Deadly Emerald Ash Borer Confirmed in Shaker Heights

The adult stage of the Emerald Ash Borer (EAB). This is the mobile stage (it flies), the one which initially infests a tree by laying eggs in the bark crevices between mid-May to mid-August. The bright, metallic green adult is 1/2 inch long, has a flattened back, and purple abdominal segments beneath wing covers.

Last Friday (July 9, 2010), a Forest City Tree Protection crew identified our 1st confirmed case of an ash tree killed by the Emerald Ash Borer insect (EAB) in the City of Shaker Heights.  While removing a dead ash tree on a client’s property, the crew found the typical serpentine (S-shaped) feeding galleries created by the EAB larvae.  After EAB eggs hatch, the young larvae chew their way through the bark into the cambium, or growing layer of the tree trunk.  As the larvae mature, they continue feeding the the xylem tissue of the most recent annual ring.  This is the tissue the tree uses to translocate water & elements upward from the roots and sugars & starches made in the leaves down to the roots.  The larval feeding galleries weave back and forth across the woodgrain, disupting the movement of water, elements, starches, & sugars.  This in turn leads to the rapid demise and death of the ash tree.

When the EAB larvae mature and transform, the adults emerge through D-shaped exit holes in the bark, starting the life cycle all over again.  Noticing one of these D-shaped holes on the bark of a lower trunk section from the ash tree they had removed, our crew peeled away the bark, finding a large, mature EAB larvae and its S-shaped (serpentine) feeding galleries.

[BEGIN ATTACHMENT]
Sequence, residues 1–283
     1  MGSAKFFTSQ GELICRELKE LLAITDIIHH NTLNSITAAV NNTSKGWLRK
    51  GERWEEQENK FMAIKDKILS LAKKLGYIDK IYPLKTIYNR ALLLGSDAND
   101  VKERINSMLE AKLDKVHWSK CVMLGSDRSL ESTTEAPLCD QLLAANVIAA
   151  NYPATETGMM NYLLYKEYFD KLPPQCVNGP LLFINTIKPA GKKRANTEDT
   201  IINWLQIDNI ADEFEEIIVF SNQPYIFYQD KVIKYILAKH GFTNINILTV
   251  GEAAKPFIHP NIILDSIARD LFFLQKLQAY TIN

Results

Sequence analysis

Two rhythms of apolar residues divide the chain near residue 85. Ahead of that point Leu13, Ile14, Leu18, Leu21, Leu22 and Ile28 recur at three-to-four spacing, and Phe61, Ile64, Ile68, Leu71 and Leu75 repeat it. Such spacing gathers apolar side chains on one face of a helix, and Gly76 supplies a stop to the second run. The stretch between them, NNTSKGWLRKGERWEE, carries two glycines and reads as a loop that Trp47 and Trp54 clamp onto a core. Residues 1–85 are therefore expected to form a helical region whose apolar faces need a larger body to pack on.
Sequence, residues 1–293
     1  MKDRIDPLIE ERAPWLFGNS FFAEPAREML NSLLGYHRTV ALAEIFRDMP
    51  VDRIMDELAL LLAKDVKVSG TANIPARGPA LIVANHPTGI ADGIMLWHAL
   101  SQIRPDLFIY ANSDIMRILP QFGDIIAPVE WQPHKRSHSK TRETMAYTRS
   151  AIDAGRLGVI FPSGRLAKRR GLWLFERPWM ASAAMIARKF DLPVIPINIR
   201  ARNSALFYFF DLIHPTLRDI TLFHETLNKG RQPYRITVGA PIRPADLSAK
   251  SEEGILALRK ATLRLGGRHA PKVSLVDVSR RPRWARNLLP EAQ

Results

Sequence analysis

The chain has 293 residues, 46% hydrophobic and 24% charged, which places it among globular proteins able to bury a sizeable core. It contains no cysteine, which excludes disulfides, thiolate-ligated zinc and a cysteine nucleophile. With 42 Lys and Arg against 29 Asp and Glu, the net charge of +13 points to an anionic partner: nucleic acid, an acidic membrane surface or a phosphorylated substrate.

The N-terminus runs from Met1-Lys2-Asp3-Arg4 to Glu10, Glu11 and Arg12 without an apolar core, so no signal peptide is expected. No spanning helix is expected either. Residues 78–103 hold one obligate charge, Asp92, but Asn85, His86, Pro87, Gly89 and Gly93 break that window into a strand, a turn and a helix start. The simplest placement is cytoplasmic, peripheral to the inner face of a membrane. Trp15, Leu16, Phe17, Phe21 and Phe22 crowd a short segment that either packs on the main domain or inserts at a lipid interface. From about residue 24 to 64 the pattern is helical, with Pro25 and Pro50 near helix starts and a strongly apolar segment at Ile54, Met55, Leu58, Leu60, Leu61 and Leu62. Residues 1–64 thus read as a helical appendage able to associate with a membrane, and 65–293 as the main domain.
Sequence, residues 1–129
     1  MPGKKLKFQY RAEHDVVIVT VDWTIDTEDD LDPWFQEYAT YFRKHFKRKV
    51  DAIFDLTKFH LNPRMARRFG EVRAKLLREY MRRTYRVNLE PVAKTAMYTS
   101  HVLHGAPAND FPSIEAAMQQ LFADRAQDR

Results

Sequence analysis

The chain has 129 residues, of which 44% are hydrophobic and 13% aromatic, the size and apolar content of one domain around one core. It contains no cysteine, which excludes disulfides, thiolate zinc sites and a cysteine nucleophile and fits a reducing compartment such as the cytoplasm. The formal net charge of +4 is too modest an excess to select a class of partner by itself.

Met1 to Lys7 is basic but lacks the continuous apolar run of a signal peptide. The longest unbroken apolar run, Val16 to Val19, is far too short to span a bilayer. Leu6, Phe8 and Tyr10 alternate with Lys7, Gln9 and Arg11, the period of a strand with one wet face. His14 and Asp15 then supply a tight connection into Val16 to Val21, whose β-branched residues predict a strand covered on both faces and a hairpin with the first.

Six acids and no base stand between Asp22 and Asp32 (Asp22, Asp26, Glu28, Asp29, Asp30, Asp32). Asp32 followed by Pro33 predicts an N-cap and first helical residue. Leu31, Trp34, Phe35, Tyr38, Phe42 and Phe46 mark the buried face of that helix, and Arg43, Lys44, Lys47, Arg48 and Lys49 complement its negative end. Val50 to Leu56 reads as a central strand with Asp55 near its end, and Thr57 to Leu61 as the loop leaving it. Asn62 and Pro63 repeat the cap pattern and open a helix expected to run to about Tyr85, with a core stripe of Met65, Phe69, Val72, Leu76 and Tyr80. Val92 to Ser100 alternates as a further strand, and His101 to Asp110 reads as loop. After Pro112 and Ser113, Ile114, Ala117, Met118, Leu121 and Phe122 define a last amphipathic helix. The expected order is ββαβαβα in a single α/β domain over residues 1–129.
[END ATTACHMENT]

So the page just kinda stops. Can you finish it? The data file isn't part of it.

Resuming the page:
Pulling back the bark from the D-shaped exit hole, the crew found this well-fed and destructive European Ash Borer larva. (photo by Lauren Lanphear 07/09010)

Peeling away the bark on a section of trunk from ash tree we removed in Shaker Heights, the crew disovered the telltale serpentine feeding galleries of the European Ash Borer larvae. The tissue destroyed by the formation of these feeding galleries leads to a quck decline & death of the tree. (photo by Lauren Lanphear 07/09/10)

We brought the section of trunk back to our office where we could photograph the larva and its feeding galleries. We were able to extract the EAB larva from the trunk and get this picture.

We sent the above three (3) photographs to several entomologists with the Ohio State University and received confirmation of our diagnosis.

Once an ash tree is infested with EAB, the only option is removal.  However, there are highly-effective treatment options to protect healthy ash trees from attack by the EAB.

We will be applying insect control soil injections this fall (Sept) to protect ash trees from EAB next season (2011).  The average cost of an EAB protective treatment is $5.75 per inch of trunk diameter (across, not around).

If you have one or more ash trees on your property that you’d like to protect, call our office ASAP (216-381-1700) to have one of our ISA Certified Arborists inspect your tree(s) and provide a proposal.

‘Helpful Links:
Emerald Ash Borer Lifecycle
Signs & Symptoms of Emerald Ash Borer


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